As drone technology gets more advanced and more accessible to consumers, drones become an increased security threat to many different organizations. From incidents affecting global supplies to increased drone use by law enforcement, and changes to drone regulations; 2019 has been another eventful year for the drone industry.
Over the past year, the following was the top drone threats and concerns of 2019:
- Drones disrupting critical infrastructure
- Drones interfering with manned aircraft
- Drones smuggling drugs and contraband into prisons
Drones disrupting critical infrastructure
One of the biggest stories of the year relating to drone threats happened when drones attacked the world’s largest oil processing facility in Saudi Arabia. This attack exposed the fragility of a major global critical infrastructure. The attacks knocked out about 5% of global oil production immediately.
- Twenty-five drones and missiles were used in the attack that forced the kingdom to shut down half of its oil production.
- Two sites were hit — the Abqaiq and Khurais oil facilities — which took out 5.7 million barrels per day of crude.
The drone attack on Aramco Abqaiq and Khurai facilities on Saturday, August 14, 2019, knocked out 50% of the Kingdom of Saudi Arabia’s (KSA) biggest asset, the largest oil production center in the world. The attack was well-coordinated, and initial sources said the attack was carried out by a swarm of drones.
This drone attack on the largest oil processing center in the world is a stark reminder of the continued need for airspace awareness and security. Read more to discover what went wrong in Saudi Arabia and what we can do in the future to protect the world’s critical infrastructures.
Drones interfering with manned aircraft
Airports across the globe have been grappling with drone threats. As drones become more commonplace, so do the reports of drones disrupting airspace and flights near airports.
This past year, we saw numerous reports of drones flying too close to passenger airliners and disrupting fire fighting rescue efforts. Drones not only interfere with life-saving activities and flights, but they could also lead to a dangerous near collision with an aircraft putting manned aircraft, pilots, and passengers in danger.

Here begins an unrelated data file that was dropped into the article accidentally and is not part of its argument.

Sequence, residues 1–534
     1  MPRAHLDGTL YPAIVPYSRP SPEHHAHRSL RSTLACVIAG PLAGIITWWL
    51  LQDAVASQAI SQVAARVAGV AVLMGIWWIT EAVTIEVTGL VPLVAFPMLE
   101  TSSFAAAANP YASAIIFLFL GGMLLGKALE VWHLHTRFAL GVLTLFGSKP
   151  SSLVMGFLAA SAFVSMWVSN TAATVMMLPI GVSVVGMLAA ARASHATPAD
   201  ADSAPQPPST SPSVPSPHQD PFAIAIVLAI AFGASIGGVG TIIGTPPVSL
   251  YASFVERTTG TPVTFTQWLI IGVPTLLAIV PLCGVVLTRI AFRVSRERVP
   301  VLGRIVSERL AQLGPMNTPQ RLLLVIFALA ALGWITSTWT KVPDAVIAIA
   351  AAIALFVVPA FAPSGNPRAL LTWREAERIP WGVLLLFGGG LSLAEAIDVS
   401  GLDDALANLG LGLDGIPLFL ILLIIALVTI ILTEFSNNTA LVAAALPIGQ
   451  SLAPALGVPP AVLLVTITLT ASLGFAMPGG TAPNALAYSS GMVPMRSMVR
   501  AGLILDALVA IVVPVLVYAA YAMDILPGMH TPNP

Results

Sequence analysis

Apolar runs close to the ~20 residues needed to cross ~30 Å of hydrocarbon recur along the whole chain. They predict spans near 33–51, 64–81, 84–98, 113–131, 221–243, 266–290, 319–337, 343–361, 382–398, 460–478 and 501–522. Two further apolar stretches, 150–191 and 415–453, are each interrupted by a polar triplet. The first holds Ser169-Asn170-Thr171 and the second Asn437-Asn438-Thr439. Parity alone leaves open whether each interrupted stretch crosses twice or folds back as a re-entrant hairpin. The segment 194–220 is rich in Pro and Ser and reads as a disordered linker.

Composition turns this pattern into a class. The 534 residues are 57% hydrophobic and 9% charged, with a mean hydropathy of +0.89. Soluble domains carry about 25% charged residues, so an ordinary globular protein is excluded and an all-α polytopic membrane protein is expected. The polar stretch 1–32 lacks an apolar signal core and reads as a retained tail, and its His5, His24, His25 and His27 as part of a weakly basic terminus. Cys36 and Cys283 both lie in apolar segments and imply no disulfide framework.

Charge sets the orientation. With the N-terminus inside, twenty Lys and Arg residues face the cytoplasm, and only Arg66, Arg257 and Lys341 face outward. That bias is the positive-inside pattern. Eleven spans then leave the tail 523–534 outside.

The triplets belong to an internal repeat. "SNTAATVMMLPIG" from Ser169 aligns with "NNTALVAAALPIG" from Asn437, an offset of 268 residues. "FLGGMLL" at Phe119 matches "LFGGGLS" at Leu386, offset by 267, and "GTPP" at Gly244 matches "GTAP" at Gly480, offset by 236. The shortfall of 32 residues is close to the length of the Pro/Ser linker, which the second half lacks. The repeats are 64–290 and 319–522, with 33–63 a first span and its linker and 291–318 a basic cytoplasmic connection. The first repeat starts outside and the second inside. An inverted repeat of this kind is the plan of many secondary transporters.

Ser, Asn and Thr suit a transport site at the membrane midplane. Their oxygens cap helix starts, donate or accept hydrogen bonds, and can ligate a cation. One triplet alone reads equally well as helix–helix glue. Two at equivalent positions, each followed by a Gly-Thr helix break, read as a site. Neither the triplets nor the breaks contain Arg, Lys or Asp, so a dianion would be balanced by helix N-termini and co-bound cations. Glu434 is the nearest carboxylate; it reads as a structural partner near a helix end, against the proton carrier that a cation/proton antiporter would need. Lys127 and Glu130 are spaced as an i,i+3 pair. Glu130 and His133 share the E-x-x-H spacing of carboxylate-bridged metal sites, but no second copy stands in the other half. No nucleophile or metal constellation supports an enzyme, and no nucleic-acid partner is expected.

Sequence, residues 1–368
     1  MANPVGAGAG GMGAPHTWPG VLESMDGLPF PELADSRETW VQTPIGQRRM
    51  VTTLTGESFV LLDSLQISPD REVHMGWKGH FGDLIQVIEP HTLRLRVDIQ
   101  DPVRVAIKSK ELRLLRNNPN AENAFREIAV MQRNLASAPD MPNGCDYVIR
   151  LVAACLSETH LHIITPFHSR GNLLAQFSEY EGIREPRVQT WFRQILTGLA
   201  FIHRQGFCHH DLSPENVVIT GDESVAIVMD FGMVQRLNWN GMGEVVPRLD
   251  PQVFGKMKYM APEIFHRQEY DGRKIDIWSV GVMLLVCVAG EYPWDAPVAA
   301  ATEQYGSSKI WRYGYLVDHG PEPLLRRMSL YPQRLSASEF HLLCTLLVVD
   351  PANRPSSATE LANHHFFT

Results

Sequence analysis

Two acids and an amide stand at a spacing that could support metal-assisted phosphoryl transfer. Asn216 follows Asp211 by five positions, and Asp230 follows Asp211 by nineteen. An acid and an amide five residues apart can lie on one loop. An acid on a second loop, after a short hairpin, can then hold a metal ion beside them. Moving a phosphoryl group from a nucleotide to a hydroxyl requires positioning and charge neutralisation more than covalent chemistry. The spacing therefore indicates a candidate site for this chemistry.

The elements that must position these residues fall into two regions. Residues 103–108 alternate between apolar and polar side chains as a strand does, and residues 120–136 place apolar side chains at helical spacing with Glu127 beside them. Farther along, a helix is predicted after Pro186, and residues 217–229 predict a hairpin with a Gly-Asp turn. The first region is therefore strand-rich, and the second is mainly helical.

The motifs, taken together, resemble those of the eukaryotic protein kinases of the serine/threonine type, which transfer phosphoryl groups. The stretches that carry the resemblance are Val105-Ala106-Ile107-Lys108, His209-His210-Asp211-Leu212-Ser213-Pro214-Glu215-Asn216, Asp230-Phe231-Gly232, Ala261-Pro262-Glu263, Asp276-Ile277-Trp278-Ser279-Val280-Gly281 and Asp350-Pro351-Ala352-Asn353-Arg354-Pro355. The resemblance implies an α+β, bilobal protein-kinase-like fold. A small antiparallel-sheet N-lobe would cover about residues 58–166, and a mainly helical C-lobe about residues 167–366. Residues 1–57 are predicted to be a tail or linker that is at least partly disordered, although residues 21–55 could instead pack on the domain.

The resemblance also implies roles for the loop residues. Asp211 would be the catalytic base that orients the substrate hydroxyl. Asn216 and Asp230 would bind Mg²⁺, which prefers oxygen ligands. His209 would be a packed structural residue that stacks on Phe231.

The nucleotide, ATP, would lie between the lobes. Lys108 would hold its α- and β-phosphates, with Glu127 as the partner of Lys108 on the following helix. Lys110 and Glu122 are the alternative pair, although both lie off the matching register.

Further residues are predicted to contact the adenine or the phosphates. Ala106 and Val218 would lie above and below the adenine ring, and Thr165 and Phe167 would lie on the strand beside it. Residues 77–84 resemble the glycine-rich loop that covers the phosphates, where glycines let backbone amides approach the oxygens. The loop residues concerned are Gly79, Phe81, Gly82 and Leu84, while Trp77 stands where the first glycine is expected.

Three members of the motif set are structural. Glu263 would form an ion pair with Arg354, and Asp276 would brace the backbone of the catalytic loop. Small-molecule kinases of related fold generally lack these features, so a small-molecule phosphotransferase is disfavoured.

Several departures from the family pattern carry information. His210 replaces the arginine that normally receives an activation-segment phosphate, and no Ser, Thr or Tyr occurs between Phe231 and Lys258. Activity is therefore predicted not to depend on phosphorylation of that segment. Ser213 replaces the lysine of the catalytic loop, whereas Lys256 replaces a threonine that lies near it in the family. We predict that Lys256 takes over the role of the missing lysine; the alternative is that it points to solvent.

Top aircraft related drone incidents of 2019:
“Suspected drone activity” caused the Dubai International Airport (DBX) to ground all of its outbound flights for roughly 30 minutes. Dubai airport, the hub for airlines Emirates and flydubai, is among the world’s busiest airports for international travelers. In 2018, the airport saw more than 88 million passengers.
On Sunday, April 28, 2019, Gatwick Airport diverted three flights to Stansted Airport in Essex after a possible drone sighting. The three diverted flights landed at Gatwick more than 90 minutes after their scheduled arrival time.
An airliner carrying up to 186 passengers came 20ft away from potential disaster when a drone passed by shortly after take-off, the UK Airprox Board report revealed. The close call happened on May 19, 2019 just five months after drone sightings brought Gatwick to a standstill for 33 hours.
Singapore’s Changi Airport closed one of two runways for 10 hours after “confirmed sightings of drone flying in the vicinity of Changi Airport.” The runway closure affected departures and arrivals. Thirty-seven flights were delayed and one arrival flight was diverted to Kuala Lumpur’s airport.
On July 9, 2019, a Columbus Police helicopter was forced to make an emergency landing near Forest Park Elementary School. During a routine patrol, the crew spotted a drone flying at night above the legal altitude, flying too close and following the helicopter’s flight path.
The Federal Aviation Administration said the crew on a JetBlue flight on approach to Logan saw the drone just before 6 p.m. on Sunday, October 20, 2019, about two miles southeast of the airport. A state police spokesman said the drone was spotted at about 3,500 feet, higher than legally allowed.
On October 14, 2019, The Federal Aviation Administration says the Boutique Airlines Pilatus PC-12 reported seeing "an unmanned aircraft" at about 2,800 feet just 4.6 miles northeast of the airport just before 3 p.m. The crew aboard the plane reported seeing the drone off its right-wing.
On December 18, 2019, a remote-controlled Latitude HQ90B drone owned by the University of Iowa College of Engineering's Operator Performance Laboratory crashed into a lawn near the Iowa City airport. The drone weighed 100lbs, had a wingspan of 18-ft, and was valued at $300,000.
This drone pilot is lucky it didn’t seriously injure or kill someone. Incidents like this could be prevented by implementing simple flight safety precautions.